Regardless of the assignment type, choosing the ‘right’ topic from the outset involves careful thought, research, and planning in advance. While some may recommend choosing the topic that is most appealing to your own interests, this can sometimes lead to biased writing or subjective claims. Nor do you need to choose the most complex topic in order to gain the highest grades. A simple, well-executed topic can often lead to a better grade overall. Weigh all of your options before carefully proceeding.
If the entire class is given the same task question, remember that it is up to you to decide how to approach the question and write your thesis statement. Refer to Chapters 16-18 of Academic Writing Skills to better understand what the task question is asking you to do. Identify the keyword clues, break the question down, and complete a concept map. While you may have no choice of task question, you may be able to vary your approach to the question, your claims and counter-claims, and your supporting evidence. One hundred essays can be successfully written on the same topic from different perspectives, using alternative supporting evidence.
When your options are limited to a few topic choices, or task questions, read and re-read each question. Do not make your choice based purely on personal interests. Before settling on a topic you will find it helpful to explore to ensure you will have supporting evidence for the ideas you are formulating about the tentative topic choice. Refer to Chapters 11-12 of Academic Writing Skills to refresh your skimming and scanning techniques, to quickly peruse academic texts, plus remember annotated reading skills. Once you have confirmed your topic choice, begin to map and outline your assignment topic.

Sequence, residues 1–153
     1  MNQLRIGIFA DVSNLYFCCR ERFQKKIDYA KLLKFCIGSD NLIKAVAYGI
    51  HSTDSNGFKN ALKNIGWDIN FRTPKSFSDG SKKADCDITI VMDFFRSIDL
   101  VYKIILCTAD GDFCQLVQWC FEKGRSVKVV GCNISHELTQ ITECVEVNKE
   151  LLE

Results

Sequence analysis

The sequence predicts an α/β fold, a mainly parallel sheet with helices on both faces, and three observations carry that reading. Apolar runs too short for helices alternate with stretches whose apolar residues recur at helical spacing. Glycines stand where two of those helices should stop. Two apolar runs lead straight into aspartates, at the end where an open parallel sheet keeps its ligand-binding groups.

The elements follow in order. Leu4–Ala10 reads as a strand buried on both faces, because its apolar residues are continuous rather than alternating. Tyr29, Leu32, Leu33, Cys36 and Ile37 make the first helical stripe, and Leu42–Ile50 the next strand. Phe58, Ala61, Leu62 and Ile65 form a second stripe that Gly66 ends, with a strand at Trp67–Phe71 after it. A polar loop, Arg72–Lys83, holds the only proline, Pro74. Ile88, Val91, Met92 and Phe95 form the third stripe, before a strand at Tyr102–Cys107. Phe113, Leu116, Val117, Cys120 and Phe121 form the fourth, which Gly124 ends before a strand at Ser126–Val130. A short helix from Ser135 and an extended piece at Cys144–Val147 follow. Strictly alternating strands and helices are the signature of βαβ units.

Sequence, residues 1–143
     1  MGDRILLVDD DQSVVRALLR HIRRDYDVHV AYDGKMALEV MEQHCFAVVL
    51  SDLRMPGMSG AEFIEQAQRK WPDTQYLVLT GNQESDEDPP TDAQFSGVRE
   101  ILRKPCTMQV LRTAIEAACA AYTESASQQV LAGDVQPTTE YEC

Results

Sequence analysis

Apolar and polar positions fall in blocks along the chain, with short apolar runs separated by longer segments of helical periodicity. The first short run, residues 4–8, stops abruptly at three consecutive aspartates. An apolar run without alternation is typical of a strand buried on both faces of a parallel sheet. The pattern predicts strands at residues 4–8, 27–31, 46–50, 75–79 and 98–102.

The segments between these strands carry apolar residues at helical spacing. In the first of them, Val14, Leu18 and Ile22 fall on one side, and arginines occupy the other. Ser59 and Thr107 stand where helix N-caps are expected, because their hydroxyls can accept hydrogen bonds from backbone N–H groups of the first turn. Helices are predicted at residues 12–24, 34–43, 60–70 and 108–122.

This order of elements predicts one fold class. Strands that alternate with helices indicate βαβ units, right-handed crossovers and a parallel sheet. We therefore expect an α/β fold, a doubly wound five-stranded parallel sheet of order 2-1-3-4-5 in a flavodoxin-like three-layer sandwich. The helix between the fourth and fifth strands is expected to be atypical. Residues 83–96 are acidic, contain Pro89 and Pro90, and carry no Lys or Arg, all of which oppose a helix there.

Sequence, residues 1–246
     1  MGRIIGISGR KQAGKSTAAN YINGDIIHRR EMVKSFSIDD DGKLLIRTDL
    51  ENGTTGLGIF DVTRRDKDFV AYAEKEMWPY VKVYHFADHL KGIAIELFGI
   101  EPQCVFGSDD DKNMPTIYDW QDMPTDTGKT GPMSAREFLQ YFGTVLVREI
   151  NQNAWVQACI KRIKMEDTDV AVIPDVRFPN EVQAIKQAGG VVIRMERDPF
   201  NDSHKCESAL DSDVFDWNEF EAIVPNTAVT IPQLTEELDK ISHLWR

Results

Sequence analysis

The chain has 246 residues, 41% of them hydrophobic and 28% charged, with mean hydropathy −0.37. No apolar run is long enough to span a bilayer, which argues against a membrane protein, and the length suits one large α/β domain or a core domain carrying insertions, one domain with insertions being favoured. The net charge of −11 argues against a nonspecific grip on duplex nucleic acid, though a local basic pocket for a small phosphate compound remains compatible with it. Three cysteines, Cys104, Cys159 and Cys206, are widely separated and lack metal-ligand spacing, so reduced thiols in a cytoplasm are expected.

Too Many Choices
At times students feel overwhelmed and somewhat stressed when they have too many topic choices or they are directed to use a topic of their own choosing. First, it is important to narrow the field of enquiry. Examine the marking criteria for the assessment and discover what it requires you to achieve. Ask yourself “How must I treat the chosen topic?”, “What must I include/exclude in/from my work?”, “Am I limited to recent academic sources e.g., the past 5 years?”, “How many academic sources are required?”, “What type of writing is required – descriptive, analytical, persuasive, or critical?”, “What is the required word count for the assessment?”
Also, consider what you already know about the topic you are considering. Will your prior knowledge be a hinderance or a help in your writing? Will you be capable of presenting alternative viewpoints without bias or judgment?
Consistency is Key
Once you have chosen a topic, do not waver! Too many students have come unraveled close to assessment deadlines because they have changed their topic too many times throughout the writing process and inevitably the result is an assessment that is neither nor . Make an informed choice from the outset and plan your assignment carefully, before proceeding to the writing stage. Assignment questions are designed to attract an array of responses from students. Focus less on choosing the ‘right’ topic, as they are ALL right in your lecturer/tutor’s eyes, and more on researching and structuring your assessment correctly and in accordance with the marking criteria. Also worth noting, assessments are designed to evaluate what you have learnt within a course, therefore showcase what you have learnt. This seems obvious, though many students miss the point.
researched, reliable, written by academics and published by reputable publishers; often, but not always peer reviewed
unified or united
logically connected; consistent